A Lebanese court is set to hand down its verdict on whether a former Australian soldier charged over 60 Minutes' botched child abduction attempt is allowed to lift a ban preventing him from leaving the country while on bail.
Australian-British national Adam Whittington is expected to hear the verdict at a Beirut court on Saturday after the father of the children at the centre of scandal successfully placed a travel ban on him.
Mr Whittington, who acts as a child recovery agent, was last week granted bail on charges of kidnapping the children of Brisbane mum Sally Faulkner from a street in Lebanon in April while being filmed by a Nine Network 60 Minutes crew.
Mr Whittington's lawyer Joe Karam told AAP his client was being held to ransom by the father, Ali Elamine, who he accused of applying the travel ban after demanding money in return for dropping charges against Mr Whittington and his colleagues.
Mr Elamine's team allegedly asked for a "huge amount" of money from Mr Whittington's family.
"They are trying to corner our client and take a ransom," he told AAP on Friday night.
While Ms Faulkner and the 60 Minutes crew were released from jail after two weeks because Nine reportedly paid $500,000 to the children's Lebanese father, Mr Whittington and his three colleagues were kept behind bars.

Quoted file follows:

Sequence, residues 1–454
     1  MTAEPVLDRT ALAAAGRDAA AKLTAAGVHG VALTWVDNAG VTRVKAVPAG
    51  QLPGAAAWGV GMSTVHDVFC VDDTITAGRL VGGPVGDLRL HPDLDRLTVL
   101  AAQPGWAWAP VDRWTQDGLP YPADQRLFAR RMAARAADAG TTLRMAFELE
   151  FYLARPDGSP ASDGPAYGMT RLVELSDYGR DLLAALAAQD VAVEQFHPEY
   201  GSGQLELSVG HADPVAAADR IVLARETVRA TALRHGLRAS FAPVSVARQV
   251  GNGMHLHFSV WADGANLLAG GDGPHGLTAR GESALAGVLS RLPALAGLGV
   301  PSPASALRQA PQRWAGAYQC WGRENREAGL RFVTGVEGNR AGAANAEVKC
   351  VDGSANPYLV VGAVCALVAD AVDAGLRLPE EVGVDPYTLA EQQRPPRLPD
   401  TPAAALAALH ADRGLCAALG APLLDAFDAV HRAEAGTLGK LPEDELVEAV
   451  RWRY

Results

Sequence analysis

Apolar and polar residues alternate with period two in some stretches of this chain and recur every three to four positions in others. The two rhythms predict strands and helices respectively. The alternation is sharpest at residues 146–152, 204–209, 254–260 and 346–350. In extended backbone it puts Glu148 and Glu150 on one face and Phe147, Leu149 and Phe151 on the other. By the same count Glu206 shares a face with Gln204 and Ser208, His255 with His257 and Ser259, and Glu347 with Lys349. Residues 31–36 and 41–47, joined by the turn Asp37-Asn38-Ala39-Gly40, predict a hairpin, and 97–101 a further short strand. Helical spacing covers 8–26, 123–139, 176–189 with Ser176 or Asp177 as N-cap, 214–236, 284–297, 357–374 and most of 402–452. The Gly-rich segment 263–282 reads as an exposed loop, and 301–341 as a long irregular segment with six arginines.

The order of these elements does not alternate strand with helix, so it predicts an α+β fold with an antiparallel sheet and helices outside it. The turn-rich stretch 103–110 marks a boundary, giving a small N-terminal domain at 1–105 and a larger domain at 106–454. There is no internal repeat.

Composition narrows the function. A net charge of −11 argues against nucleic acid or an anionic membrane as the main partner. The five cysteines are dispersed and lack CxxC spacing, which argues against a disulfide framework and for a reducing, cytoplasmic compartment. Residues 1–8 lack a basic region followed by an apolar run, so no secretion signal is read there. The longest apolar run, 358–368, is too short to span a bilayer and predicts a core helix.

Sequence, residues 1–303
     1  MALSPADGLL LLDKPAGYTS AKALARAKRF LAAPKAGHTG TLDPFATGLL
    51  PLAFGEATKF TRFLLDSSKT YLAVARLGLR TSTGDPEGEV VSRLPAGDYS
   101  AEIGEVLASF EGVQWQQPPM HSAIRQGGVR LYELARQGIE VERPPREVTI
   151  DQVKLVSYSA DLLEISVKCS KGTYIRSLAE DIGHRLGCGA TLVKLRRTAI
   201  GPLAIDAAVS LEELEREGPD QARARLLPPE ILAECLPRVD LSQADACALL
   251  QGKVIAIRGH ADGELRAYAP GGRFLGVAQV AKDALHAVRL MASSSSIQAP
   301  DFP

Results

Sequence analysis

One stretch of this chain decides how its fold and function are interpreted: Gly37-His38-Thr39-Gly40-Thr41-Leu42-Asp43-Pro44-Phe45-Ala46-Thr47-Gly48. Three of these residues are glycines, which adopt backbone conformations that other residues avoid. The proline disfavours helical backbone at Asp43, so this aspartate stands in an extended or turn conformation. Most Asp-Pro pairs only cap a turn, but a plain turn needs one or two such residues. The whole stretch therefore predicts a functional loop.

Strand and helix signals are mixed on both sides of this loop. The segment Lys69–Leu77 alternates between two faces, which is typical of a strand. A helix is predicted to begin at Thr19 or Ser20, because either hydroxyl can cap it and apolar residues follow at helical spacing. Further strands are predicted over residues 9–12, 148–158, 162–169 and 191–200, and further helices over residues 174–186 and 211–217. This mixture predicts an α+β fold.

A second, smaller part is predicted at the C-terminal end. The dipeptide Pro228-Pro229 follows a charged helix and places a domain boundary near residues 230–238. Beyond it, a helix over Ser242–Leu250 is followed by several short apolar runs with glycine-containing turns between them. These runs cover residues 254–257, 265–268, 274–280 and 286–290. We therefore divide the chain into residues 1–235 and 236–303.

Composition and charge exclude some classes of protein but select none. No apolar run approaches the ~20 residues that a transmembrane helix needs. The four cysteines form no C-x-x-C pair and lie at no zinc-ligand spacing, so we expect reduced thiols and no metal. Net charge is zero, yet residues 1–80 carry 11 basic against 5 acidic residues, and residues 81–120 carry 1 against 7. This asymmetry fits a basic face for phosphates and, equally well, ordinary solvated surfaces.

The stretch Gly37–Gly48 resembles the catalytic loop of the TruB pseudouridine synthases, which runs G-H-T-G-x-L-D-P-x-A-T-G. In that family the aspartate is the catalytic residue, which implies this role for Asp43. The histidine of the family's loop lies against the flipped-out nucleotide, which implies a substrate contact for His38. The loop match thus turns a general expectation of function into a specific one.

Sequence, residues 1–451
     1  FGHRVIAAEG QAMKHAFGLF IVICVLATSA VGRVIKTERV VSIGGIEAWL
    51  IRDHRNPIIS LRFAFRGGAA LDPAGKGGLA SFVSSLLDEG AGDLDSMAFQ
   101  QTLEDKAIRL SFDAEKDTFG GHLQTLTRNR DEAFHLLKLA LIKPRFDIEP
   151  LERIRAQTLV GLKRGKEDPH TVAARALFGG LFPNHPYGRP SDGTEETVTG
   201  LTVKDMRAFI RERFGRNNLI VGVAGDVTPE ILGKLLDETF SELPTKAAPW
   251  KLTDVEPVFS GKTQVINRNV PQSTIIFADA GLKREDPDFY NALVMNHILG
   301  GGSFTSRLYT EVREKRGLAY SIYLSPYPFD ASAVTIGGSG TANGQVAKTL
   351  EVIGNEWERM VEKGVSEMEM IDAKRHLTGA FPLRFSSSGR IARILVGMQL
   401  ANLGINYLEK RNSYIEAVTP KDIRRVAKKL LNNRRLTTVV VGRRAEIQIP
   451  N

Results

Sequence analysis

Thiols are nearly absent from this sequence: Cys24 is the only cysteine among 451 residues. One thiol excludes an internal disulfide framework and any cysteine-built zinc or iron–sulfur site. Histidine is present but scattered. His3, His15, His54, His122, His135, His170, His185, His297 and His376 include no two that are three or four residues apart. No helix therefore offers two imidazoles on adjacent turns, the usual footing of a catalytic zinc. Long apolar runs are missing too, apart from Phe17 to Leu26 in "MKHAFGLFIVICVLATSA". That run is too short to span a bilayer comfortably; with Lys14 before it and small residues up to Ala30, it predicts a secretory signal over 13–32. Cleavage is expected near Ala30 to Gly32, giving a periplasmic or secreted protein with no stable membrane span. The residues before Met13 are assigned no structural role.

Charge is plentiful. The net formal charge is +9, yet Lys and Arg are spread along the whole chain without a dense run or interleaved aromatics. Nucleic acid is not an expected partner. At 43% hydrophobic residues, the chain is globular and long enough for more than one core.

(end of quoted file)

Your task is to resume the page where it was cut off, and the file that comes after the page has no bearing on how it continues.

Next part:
Mr Karam said he has presented evidence in court of a $500,000 cheque paid to Mr Elamine's lawyer for the release of the defendants.
"They were well compensated," Mr Karam told AAP.
Mr Elamine has previously maintained his focus was on getting custody of his children, not on financial gain.
When he was granted custody in a Lebanese court in April, he said he was glad the case was over and that Ms Faulkner was free on bail.
"She is their mother and I don't want them growing up and thinking 'Daddy had the option of letting mummy off easily and he didn't," he said earlier this year.
© AAP 2016